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Kevin Lara Lugo and his school uniform
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Kevin Lara Lugo (inset); and his school uniform laid out on his bed.

CREDIT: Meridith Kohut/The New York Times/Redux (clothes on bed); Facebook (Kevin Lugo)

One Family’s Tragic Tale

Their story became a symbol of Venezuela’s collapse

Related content: "Venezuela in Crisis"

Kevin Lara Lugo, the 16-year-old boy who died from eating foraged food to ward off starvation, lived in Maturín, a once-prosperous oil boomtown in northern Venezuela. 

His mother, Yamilet Lugo, worked at a cutlery factory until it shut down in May 2016, unable to get the raw materials to make plastic. It joined many factories across the country that have gone idle. 

Then came the next blow. José Rafael Castro, Yamilet Lugo’s boyfriend and the only other breadwinner in the household, came home with bad news: The construction supply factory where he worked making cinder blocks had let him go because the owners could no longer find cement.

That left the family unable to buy what little food was available. First, they ate mangoes. By summer, the family had turned to yuca, a common root vegetable, which grew in a plot owned by a relative a short bus ride away.

“This was our food morning, noon, and night,” Yamilet Lugo says. By July, there was no money even for the bus fare to the field, so they looked elsewhere. By July 25,  the day before Kevin’s birthday, the family hadn’t eaten in three days and everyone was growing weak.

Kevin Lara Lugo, 16, died from eating foraged food to avoid starvation. He lived in Maturín, a once-prosperous oil boomtown in northern Venezuela. 

His mother, Yamilet Lugo, worked at a cutlery factory until it shut down in May 2016. The factory was unable to get the raw materials to make plastic. It joined many factories across the country that have gone idle. 

Then came the next blow. José Rafael Castro, Yamilet Lugo’s boyfriend, was the only other breadwinner in the household. One day, he came home with bad news: The construction supply factory where he worked making cinder blocks had let him go. The owners could no longer find cement.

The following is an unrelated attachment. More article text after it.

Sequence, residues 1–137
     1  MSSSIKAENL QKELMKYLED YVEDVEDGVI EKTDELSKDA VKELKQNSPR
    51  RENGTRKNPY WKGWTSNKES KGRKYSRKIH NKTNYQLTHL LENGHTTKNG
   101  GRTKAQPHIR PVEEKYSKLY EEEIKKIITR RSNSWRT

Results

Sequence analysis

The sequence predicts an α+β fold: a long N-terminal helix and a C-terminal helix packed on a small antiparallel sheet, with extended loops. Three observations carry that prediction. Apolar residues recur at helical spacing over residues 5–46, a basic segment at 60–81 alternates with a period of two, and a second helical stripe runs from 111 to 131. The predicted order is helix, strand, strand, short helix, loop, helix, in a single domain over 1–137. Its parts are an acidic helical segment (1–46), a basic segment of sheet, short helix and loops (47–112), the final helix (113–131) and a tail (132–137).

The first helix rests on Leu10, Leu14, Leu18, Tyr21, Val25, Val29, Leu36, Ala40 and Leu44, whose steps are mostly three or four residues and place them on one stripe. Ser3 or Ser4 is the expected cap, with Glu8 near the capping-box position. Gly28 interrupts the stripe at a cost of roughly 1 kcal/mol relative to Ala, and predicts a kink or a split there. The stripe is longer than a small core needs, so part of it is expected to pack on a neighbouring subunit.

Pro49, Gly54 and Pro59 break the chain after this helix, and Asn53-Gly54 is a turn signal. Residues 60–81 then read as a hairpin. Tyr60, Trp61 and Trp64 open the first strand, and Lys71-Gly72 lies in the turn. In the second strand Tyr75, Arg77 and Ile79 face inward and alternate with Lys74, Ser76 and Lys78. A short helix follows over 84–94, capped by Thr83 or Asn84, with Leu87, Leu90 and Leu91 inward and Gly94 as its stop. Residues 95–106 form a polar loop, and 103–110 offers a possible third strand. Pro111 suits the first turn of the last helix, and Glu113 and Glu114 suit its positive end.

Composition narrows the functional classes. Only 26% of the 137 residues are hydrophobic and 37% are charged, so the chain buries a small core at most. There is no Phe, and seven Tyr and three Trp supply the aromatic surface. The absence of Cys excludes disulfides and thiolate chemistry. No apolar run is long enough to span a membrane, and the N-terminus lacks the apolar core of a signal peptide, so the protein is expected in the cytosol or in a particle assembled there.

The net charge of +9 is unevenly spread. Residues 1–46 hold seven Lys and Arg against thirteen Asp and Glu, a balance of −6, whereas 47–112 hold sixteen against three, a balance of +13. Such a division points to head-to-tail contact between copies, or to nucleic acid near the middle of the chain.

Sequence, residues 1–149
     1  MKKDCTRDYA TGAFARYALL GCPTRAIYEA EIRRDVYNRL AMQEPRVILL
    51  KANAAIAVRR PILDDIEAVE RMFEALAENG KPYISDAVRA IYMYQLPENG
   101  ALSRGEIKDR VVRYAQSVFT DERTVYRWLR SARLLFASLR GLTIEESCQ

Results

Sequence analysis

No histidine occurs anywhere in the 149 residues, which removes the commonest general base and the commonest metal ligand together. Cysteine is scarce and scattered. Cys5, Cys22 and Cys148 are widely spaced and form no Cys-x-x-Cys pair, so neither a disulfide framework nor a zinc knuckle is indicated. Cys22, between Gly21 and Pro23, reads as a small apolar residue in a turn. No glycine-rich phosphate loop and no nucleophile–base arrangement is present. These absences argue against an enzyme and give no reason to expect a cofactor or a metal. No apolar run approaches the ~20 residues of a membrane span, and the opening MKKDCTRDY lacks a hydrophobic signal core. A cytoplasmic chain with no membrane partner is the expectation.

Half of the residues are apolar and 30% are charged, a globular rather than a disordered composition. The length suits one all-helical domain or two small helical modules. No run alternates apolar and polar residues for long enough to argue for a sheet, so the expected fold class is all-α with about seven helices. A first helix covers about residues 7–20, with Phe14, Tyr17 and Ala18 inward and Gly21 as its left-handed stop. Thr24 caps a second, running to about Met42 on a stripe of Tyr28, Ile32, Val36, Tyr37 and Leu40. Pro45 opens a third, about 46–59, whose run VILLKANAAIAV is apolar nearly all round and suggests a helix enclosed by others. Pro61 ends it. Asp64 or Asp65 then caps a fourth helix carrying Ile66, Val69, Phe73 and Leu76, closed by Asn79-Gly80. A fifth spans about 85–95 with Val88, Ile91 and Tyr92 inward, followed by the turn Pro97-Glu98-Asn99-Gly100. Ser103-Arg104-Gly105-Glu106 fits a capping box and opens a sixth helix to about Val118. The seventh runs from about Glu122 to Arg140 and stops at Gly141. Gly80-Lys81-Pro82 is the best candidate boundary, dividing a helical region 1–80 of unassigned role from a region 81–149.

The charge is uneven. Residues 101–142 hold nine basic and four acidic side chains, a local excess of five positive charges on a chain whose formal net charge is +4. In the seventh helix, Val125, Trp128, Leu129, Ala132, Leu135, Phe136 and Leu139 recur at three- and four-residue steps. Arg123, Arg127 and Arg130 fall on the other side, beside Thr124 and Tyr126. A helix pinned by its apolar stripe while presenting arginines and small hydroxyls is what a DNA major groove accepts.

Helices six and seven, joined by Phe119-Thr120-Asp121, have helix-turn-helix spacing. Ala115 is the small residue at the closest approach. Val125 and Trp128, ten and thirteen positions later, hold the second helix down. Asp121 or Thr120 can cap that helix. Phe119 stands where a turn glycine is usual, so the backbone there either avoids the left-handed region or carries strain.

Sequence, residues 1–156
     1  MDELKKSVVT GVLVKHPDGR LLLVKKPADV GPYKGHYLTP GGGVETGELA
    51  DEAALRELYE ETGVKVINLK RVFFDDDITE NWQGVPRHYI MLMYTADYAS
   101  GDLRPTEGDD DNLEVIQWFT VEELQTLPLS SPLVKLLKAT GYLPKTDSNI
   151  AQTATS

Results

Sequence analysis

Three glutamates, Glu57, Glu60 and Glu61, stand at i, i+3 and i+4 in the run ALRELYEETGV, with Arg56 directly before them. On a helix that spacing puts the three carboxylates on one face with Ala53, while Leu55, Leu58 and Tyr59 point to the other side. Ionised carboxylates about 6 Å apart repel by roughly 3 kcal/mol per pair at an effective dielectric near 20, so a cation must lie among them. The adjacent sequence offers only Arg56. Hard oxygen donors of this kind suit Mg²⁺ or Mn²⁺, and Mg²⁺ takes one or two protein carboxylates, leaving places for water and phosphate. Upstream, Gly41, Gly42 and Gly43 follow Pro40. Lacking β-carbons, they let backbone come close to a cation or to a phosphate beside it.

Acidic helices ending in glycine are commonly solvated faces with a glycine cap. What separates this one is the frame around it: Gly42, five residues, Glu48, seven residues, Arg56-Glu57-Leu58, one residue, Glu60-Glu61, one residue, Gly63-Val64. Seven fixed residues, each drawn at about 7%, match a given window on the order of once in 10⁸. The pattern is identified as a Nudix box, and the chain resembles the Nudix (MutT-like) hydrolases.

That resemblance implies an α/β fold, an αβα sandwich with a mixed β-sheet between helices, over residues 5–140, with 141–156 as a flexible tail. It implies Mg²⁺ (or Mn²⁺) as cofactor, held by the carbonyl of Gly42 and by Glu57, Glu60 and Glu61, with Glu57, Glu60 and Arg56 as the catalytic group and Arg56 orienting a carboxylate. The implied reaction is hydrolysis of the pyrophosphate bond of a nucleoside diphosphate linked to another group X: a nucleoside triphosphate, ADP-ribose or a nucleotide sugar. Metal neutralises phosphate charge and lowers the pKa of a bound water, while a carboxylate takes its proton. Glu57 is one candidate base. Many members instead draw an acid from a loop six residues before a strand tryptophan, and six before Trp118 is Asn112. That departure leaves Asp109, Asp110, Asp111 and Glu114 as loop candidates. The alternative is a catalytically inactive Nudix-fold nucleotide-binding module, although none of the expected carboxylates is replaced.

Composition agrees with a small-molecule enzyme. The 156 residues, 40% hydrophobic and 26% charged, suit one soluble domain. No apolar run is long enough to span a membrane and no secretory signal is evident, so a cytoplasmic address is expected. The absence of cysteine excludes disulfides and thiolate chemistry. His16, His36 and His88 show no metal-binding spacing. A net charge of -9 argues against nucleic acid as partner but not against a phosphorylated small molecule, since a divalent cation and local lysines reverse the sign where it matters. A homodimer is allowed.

That left the family unable to buy what little food was available. First, they ate mangoes. By summer, the family had turned to yuca, a common root vegetable. The yuca grew in a plot owned by a relative a short bus ride away.

“This was our food morning, noon, and night,” Yamilet Lugo says. By July, there was no money even for the bus fare to the field. So they looked elsewhere. By July 25, the day before Kevin’s birthday, the family hadn’t eaten in three days. Everyone was growing weak.

After three days with no food, the family was growing weak.

Kevin and Castro heard about an abandoned field a 45-minute walk from their home where other neighbors had been foraging for bitter yuca. But bitter yuca is dangerous to eat because, unlike regular yuca, it contains toxins. The plant can be dried to extract the toxins, which they tried to do. 

“We had nothing else to eat,” Castro says.

The gamble didn’t pay off. By 11:30 p.m., the bitter yuca was making the family very sick. Kevin had collapsed. An hour passed before they found a neighbor’s car to take him to the hospital.

But the hospital could offer little help. Bitter yuca intoxication is treated primarily with stomach pumping and intravenous solutions. Like so many clinics throughout the country, the one in Maturín had run out of basic supplies, leaving the family to haggle with black-market sellers as Kevin’s condition worsened. Kevin’s family says he waited for hours in the crowded halls of the hospital before he was even examined.

Finally, another family with extra bottles of the intravenous solution gave two to Kevin, but it was too late. By 4:45 on the morning of his birthday, he was dead.

Staring at Kevin’s grave, with his name crudely etched in wet concrete by a friend’s fingertip, his aunt, Lilibeth Díaz, summed up the tragedy of her family and her nation. “This boy,” she said, “dies this way for no reason at all.”

Kevin and Castro heard about an abandoned field a 45-minute walk from their home. Neighbors had been foraging there for bitter yuca. But bitter yuca is dangerous to eat. Unlike regular yuca, it contains toxins. The plant can be dried to extract the toxins, which they tried to do. “We had nothing else to eat,” Castro says.

The gamble didn’t pay off. By 11:30 p.m., the bitter yuca was making the family very sick. Kevin had collapsed. An hour passed before they found a neighbor’s car to take him to the hospital.

But the hospital could offer little help. Bitter yuca intoxication is treated primarily with stomach pumping and intravenous solutions. Like so many clinics throughout the country, the one in Maturín had run out of basic supplies. The family had to bargain with black-market sellers. In the meantime, Kevin’s condition worsened. Kevin’s family says he waited for hours in the crowded halls of the hospital before he was even examined.

Finally, another family with extra bottles of the intravenous solution gave two to Kevin. But it was too late. By 4:45 on the morning of his birthday, he was dead.

Kevin’s grave has his name roughly drawn in the wet concrete by a friend’s fingertip. Staring at it, his aunt, Lilibeth Díaz, summed up the tragedy of her family and her nation. “This boy,” she said, “dies this way for no reason at all.”

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